regions of the snap-in tabs of the blocking block feature a wedge-shaped recess.
4. The blocking device according to claim 1, wherein
a central brace with a step is provided between the snap-in tabs.
5. The blocking device according to claim 1, wherein
an engaged blocking block is disengageable from the longitudinal ribs of the board connectors by means of a flat tool that is inserted into the wedge-shaped recesses of the two snap-in tabs in order to bent back the snap-in tabs.
6. The blocking device according to claim 1, wherein the blocking block is provided for coding a plug-in unit in connection with one or more recesses on the mating side of at least one of the daughterboards of the plug-in unit.
Description
BACKGROUND OF THE INVENTION

1. Field of the Invention

The invention pertains to a blocking device for preventing the mismating of daughterboards on a motherboard, particularly when several daughterboards are combined into a plug-in unit and at least two board connectors contact the motherboard.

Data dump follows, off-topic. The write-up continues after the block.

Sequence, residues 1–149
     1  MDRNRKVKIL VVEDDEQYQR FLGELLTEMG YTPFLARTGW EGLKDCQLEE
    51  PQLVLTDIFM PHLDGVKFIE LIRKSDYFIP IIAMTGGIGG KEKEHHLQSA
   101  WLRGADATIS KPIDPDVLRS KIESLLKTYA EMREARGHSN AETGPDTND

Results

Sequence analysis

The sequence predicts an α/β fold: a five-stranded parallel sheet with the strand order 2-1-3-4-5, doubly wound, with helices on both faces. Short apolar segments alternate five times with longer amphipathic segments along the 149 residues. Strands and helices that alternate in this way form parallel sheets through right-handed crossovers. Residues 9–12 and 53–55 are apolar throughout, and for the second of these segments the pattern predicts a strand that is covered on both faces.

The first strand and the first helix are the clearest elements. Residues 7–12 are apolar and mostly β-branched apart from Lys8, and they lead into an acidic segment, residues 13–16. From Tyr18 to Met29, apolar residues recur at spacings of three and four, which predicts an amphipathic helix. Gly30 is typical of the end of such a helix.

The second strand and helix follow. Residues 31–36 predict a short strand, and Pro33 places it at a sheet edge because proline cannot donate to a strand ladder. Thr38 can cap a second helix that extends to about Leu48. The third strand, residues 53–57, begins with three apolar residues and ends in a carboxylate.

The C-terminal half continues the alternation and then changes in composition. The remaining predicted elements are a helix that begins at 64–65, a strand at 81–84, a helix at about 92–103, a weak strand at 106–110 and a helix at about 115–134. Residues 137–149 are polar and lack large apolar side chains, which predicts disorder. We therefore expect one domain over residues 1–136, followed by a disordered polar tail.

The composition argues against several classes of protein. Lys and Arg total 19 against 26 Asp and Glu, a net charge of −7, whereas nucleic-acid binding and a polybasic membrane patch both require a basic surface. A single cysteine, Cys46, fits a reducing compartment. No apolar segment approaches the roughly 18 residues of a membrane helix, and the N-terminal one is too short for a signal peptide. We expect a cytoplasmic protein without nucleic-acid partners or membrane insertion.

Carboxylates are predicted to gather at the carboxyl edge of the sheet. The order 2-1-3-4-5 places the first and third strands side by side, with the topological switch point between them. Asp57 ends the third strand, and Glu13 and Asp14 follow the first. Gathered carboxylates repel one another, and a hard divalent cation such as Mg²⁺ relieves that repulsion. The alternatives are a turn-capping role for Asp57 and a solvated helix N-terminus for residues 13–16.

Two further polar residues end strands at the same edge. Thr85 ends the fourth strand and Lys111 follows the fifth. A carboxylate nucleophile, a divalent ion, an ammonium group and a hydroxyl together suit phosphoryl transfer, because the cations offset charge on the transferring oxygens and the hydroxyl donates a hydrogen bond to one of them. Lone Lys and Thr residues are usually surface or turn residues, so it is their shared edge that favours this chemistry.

A device of this type is required for preventing one or more daughterboards that are combined into a plug-in unit from being mated with a motherboard fitted with a large number of identical board connectors in regions of the motherboard which are not intended for this configuration and possibly causing system failures.

2. Description of the Related Art

Two different types of modular connectors can be mated with comprehensive backplane systems—i.e., large motherboards—that are fitted with identical board connectors assigned to a MicroTCA-system. One system is known under the name “Advanced Mezzanine Card” (AMCs) while another system is known as “Mezzanine with Auxiliary Connections” (Multitongue-AMCs) that also accommodates Micro-TCA-Carrier-Hub-Modules (MCHs).

The Multitongue-AMC-Modules are edge connectors with attached circuit boards, on which such a large number of signaling contacts is provided on the circuit card that at least two separate mating areas are required on the motherboard for the transmission of the signals.